The fact that 2 non-Navajo medical providers conducted the interview in a hospital clinic may have led to an underestimate of patients' use of native healers. Patients may have felt uncomfortable divulging the frequency or history of use for fear of how this might influence their medical care due to the misperception that the interviewers, being non-Navajo, might be prejudiced against native healer care. Also, since patients had just received medical provider care, they may have been reluctant to state they were dissatisfied with their medical care. Similarly, they may have overestimated their compliance rates with medical care.
As with many other subpopulations in the multicultural society that composes the United States, the use of alternative medicine is common among Navajo patients. Patients usually do not perceive conflict between different health system beliefs and may use remedies prescribed by several practitioners for a single health care problem; they may perceive such an approach as more effective than using a single system. This may be rooted in the belief that disease is multifaceted, and different health care systems treat different facets effectively.5 As one patient succinctly stated, "It is better to stand on two legs than on one." Therefore, inquiring about patients' use of native healers can significantly enhance understanding of the patients' health.
Even though use of native healers can be a religious and private issue, patients are willing to discuss their use of native healers if asked in a sensitive manner. Increased understanding of this deeply rooted system can improve communications between providers and patients and, therefore, can help medical providers improve the quality of care provided. Further research is needed to elucidate how extensive native healer use is across various areas of the Navajo reservation, what patients' expectations of their various health care providers are, their view of the success of the care provided, and how conventional care and native healer care can interact with each other to increase the overall effectiveness of care provided to the patient.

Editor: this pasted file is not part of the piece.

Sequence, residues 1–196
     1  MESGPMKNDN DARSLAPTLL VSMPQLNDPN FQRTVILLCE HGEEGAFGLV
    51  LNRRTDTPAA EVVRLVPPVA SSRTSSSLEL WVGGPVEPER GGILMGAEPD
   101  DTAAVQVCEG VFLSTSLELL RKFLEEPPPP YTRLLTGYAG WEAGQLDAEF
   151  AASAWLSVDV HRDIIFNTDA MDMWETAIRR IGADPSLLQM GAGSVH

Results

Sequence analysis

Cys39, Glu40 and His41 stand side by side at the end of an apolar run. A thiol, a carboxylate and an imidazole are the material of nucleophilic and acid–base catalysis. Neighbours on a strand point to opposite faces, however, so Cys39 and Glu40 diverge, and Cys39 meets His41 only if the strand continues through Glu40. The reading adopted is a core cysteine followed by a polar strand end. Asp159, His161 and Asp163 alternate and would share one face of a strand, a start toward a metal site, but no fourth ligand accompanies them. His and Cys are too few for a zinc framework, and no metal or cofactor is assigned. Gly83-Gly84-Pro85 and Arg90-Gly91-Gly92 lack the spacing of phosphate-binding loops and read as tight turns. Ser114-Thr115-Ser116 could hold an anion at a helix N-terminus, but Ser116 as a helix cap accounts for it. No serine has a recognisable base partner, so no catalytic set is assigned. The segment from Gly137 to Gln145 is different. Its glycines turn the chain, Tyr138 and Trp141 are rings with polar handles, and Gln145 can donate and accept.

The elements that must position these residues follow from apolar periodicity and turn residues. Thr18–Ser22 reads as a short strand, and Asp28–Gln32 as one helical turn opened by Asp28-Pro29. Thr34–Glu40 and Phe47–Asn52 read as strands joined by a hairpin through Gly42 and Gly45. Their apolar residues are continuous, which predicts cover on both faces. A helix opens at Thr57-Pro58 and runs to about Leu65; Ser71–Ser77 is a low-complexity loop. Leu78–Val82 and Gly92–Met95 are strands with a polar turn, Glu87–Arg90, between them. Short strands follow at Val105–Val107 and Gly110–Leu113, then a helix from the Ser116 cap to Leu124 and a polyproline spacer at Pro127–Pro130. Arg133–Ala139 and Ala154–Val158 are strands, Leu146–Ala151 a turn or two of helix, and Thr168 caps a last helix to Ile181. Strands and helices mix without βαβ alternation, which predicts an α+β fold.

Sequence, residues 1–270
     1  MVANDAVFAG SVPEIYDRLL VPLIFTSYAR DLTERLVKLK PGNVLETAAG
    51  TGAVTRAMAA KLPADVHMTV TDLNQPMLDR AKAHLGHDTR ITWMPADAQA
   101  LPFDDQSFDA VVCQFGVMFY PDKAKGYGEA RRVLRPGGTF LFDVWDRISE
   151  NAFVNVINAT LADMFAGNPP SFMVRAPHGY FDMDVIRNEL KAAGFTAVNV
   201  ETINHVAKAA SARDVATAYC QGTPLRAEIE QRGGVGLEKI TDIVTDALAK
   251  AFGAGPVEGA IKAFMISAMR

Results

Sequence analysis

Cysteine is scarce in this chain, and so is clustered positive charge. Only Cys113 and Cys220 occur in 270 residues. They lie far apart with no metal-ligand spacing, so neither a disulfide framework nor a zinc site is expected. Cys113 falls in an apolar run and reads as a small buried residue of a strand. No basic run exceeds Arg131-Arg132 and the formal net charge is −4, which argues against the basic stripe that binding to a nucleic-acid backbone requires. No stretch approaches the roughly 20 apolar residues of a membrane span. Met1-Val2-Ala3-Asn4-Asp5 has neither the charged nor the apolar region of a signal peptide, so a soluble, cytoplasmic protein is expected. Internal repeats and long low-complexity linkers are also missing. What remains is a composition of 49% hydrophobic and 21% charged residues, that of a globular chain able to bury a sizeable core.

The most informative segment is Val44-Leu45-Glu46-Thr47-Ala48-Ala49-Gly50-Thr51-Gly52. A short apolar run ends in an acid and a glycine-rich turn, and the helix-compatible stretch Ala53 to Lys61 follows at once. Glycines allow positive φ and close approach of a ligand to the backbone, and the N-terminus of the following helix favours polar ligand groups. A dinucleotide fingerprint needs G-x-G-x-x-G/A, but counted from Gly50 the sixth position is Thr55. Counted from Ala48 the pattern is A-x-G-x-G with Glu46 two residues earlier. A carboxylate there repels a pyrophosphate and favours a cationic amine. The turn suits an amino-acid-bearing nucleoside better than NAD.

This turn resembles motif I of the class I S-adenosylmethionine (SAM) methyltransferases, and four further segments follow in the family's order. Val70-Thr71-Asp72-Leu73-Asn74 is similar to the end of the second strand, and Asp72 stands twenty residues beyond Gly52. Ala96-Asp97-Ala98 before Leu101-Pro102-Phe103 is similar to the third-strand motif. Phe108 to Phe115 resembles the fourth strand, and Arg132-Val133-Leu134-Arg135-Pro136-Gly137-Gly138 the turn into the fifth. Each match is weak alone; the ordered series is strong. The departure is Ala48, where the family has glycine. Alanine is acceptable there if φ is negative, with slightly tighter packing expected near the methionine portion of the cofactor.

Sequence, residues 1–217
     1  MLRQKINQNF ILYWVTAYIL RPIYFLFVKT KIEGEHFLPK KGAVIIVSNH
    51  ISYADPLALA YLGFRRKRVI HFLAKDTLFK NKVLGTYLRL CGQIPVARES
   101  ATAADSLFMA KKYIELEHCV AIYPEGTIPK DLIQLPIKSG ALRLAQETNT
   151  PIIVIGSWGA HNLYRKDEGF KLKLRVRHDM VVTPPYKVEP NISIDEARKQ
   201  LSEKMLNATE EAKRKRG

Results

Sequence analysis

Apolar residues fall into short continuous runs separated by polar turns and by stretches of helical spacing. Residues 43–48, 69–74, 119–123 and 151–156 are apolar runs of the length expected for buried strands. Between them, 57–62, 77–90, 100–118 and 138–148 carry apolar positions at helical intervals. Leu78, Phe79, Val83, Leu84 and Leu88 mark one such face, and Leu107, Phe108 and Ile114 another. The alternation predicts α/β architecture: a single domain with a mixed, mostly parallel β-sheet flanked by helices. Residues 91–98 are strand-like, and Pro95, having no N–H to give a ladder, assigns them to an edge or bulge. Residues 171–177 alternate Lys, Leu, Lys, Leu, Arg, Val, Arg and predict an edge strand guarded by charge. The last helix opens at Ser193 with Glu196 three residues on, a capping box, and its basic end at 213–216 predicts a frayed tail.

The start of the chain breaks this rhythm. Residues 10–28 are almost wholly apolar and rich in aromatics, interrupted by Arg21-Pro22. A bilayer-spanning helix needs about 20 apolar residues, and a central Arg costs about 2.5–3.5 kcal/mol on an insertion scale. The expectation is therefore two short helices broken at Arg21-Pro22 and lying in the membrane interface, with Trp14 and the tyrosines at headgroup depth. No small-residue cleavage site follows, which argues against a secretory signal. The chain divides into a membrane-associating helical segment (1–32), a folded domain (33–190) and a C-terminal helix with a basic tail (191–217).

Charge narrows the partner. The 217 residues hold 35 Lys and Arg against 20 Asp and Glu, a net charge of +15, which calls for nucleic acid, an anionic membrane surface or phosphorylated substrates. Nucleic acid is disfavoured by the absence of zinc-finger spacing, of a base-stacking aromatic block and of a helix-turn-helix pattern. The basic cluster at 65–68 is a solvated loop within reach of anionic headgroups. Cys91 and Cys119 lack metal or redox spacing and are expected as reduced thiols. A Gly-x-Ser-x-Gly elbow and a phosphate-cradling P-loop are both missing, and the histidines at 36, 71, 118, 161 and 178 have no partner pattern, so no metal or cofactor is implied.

Accepted for publication July 23, 1998.
We appreciate the assistance of Albert Tolino for serving as our native healer consultant, the Navajo nursing staff for translating, including Vicky Abeita, Louise Begay, Susie Chiquito, Gloria Gray, Ann Jordan, Isabelle Mariano, Lorraine Miles, Carolyn Sam, Ella Sandoval, Janice Willie, and the Health Promotion Disease Prevention staff for their preparation of fliers and posters.
Corresponding author: Catherine Kim, MD, MPH, PO Box 1938, Crownpoint, NM 87313.